Skip to contentContribute to ReadWriteThink / RSS / FAQs / Site Demonstrations / Contact Us / About Us



Contribute to ReadWriteThink

ReadWriteThink couldn't publish all of this great content without literacy experts to write and review for us. If you've got lessons plans, videos, activities, or other ideas you'd like to contribute, we'd love to hear from you.



Professional Development

Find the latest in professional publications, learn new techniques and strategies, and find out how you can connect with other literacy professionals.



Did You Know?

Your students can save their work with Student Interactives.

More more

HomeClassroom ResourcesLesson Plans

Lesson Plan

An Exploration of Romanticism Through Art and Poetry

E-mail / Share / Print This Page / Print All Materials (Note: Handouts must be printed separately)


An Exploration of Romanticism Through Art and Poetry

Grades 9 – 12
Lesson Plan Type Unit
Estimated Time Eight 50-minute sessions
Lesson Author

Junius Wright

Junius Wright

Charleston, South Carolina


National Council of Teachers of English



Featured Resources

From Theory to Practice



In this lesson, students use art and poetry to explore and understand major characteristics of the Romantic period. First, students are introduced to the historical, societal, and literary characteristics of the Romantic period. Next, students deepen their understanding of Romanticism through an evaluation of William Wordsworth's definition of poetry. Students then complete an explication of a painting from the Romantic period, noting its defining characteristics. They use the TP-CASTT method to complete a literary analysis of Wordsworth's poem "The World is Too Much With Us," using their knowledge of Romantic characteristics to classify the poem as Romantic. In the final session, students begin to write an essay showing their understanding of Romanticism.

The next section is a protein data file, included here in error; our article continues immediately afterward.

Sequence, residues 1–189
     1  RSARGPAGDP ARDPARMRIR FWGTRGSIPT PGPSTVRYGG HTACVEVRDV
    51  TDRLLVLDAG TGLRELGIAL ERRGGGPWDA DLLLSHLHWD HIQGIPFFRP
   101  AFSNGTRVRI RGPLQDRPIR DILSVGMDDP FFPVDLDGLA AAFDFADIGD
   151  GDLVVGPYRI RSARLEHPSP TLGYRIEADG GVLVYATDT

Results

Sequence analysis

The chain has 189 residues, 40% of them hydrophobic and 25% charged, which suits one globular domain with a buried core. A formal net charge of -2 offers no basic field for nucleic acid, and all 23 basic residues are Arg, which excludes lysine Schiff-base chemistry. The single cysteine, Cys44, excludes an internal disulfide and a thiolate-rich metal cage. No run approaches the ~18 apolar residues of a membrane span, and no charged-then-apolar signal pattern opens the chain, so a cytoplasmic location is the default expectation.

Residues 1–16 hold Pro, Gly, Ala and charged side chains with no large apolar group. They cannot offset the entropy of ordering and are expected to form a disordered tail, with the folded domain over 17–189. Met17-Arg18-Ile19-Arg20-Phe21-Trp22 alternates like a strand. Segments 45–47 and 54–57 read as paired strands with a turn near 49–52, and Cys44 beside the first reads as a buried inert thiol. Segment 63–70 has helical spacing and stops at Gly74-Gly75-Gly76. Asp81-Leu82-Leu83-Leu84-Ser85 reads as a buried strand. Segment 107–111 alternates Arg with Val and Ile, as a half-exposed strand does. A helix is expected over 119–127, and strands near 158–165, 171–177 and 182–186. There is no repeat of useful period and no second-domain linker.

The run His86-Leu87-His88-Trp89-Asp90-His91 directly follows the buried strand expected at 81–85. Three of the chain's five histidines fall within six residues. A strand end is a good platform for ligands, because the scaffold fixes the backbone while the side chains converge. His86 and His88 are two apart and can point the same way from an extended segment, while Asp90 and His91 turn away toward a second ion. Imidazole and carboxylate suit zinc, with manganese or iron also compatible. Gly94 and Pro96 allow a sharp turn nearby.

back to top



  • Poetry Analysis—TP-CASTT: This resource explains the TP-CASTT method of poetry analysis and provides a blank chart for use in analysis.
  • Characteristics of Romanticism: This printable chart lists characteristics of Romanticism, along with explanations of each.
  • Is It Romantic?: Students can use this chart to identify elements from any work and explain how they reflect characteristics of Romanticism.

back to top



In the introduction of his book Reading in the Dark, John Golden observes that students "tend to be visually oriented, able to point out every significant image in a three-minute MTV music video, but when it comes to doing the same with a written text, they stare at it as if they are reading German." Golden goes on to state "the skills they use to decode the visual image are the same skills they use for a written text" (xiii). Golden's book outlines how to use film to help students practice their skills so they can then be transferred to written texts. This lesson is based on the same principle but uses a painting instead of a film to reinforce the skills that students use to analyze a work of literature.

Further Reading

Golden, John. 2001. Reading in the Dark: Using Film as a Tool in the English Classroom. Urbana, IL: NCTE.

Read more about this resource

back to top